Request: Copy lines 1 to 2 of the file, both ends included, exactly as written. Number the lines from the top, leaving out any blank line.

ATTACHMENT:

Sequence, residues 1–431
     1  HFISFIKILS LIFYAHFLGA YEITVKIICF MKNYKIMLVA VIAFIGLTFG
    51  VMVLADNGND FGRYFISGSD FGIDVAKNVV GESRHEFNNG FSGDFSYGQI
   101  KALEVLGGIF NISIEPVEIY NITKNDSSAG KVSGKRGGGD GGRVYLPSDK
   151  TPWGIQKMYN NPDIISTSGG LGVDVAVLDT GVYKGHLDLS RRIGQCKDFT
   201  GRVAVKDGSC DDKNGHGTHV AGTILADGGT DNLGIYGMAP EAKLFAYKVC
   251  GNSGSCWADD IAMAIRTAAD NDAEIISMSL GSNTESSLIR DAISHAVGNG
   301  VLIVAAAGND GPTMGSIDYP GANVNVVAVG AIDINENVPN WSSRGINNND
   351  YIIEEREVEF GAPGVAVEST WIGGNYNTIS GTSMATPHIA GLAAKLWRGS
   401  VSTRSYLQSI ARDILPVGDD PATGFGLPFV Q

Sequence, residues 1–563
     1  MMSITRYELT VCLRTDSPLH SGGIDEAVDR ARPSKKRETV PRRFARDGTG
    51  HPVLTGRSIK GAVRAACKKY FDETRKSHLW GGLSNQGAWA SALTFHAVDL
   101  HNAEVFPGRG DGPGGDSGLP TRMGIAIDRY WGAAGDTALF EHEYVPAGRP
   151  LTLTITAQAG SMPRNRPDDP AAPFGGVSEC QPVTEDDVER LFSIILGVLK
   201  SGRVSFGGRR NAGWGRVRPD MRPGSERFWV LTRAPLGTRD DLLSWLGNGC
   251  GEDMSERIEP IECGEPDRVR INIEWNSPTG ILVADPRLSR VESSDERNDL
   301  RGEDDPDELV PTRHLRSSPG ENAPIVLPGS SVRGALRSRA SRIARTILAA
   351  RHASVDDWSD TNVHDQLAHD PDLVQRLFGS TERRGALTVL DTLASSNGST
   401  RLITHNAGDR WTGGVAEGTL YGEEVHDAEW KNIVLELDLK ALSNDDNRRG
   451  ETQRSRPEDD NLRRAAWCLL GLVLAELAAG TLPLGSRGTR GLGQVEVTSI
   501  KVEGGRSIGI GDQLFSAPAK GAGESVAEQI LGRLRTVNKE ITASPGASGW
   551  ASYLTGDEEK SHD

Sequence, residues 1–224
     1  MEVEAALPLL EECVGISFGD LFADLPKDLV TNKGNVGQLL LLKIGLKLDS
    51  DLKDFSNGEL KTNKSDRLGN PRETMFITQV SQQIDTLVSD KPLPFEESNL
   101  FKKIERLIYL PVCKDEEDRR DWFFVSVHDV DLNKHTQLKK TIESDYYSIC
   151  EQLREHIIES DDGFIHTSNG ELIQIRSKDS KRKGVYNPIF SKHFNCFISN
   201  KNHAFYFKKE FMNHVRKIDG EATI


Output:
Sequence, residues 1–431
     1  HFISFIKILS LIFYAHFLGA YEITVKIICF MKNYKIMLVA VIAFIGLTFG